I have a competitive streak. When I play, I like to win. Sometimes I get pouty when I lose.
In college, a few friends and I played a seven-game basketball series. It was down to the final game, and it was close. My friend, who would later be the best man at my wedding, had a shot for the win, and I was out of position defensively. So, I ran as fast as possible and tackled him on the pavement.
He made the shot. They won the series, and I felt like a fool because, at that moment, I put winning ahead of my friend’s health.
I know it’s a silly example, but it illustrates a profound point. All of us face the temptation to get want we want at the expense of others.
Every business begins because it solves a problem. And while the problem may be related to pets, houses, transportation, or finances, it is ultimately a people problem. (My dog has never paid her vet bill.)
Over time due to anxiety, busyness or greed, we can drift from seeing our business as solving people’s problems to simply being a source of income or revenue. When this happens, we lose the soul of our business, and people can feel it.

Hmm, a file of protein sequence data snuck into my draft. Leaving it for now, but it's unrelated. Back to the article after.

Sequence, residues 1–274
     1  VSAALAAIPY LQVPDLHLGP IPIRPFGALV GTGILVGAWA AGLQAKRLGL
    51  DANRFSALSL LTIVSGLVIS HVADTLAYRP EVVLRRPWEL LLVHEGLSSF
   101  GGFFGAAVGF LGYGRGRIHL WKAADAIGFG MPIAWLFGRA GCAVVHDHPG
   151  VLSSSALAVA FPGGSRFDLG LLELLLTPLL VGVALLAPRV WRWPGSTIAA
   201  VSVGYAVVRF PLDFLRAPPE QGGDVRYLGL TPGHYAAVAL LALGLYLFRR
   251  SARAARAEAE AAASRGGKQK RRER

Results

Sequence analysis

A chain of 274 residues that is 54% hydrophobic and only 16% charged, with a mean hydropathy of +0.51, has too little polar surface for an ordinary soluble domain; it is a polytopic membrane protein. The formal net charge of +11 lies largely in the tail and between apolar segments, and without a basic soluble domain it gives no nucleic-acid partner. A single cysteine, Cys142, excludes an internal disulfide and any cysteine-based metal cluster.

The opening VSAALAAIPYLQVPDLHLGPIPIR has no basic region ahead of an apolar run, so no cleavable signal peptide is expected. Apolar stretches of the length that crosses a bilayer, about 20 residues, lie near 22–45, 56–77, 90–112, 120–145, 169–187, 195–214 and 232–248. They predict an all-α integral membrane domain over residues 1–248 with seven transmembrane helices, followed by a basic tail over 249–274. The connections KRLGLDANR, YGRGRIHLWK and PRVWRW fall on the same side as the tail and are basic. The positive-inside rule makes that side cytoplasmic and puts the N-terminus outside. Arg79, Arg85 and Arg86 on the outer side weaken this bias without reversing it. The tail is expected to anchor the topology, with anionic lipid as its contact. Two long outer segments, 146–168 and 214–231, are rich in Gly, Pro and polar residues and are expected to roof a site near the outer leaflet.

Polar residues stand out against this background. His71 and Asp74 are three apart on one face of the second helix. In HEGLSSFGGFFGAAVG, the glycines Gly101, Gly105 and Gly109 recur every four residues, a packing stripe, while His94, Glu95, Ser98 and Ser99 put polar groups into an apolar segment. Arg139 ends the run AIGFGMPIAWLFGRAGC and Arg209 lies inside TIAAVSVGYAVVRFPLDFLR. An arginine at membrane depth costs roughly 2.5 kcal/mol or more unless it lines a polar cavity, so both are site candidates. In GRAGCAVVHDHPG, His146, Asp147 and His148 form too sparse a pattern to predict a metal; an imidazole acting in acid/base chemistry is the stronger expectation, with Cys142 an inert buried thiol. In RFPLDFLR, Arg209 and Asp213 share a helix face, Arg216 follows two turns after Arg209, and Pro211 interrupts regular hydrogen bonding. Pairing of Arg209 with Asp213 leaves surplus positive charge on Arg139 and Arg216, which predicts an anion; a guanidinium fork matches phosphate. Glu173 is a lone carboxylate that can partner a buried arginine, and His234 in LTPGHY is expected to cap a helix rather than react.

There is a funny story in the Bible about Jesus. In the story, Jesus begins to heal a blind man. When he asks if he can see, the man responds that he can see people walking around, but they look like trees. Jesus touches his eyes again and clears up his sight.
It has always triggered two questions for me. What’s up with people looking like trees? When have I seen people like trees (objects)?
The answer is too often.
Recently, I have been listening to Earl Nightingale’s The Strangest Secret from 1957. It is full of profound insights. One is that “Success is not the result of making money; earning money is the result of success — and success is in direct proportion to our service.”
Zig Ziglar famously said, “You can have everything in life you want if you will just help other people get what they want.”
Service is always about helping others get what they want. It’s about putting people first.
Someone once said that wisdom is found not in the answers we give but in the questions we ask. Good questions lead to better answers.
So let’s ask some good questions:
- What problem does your business solve? Who does it solve it for?
- Do your customers feel like you are serving them?
- Do your employees and vendors ever feel like you are treating them like trees?
- What can you do this week to put people first in every aspect of your business?
Thanks for being a leader worth following and putting people first.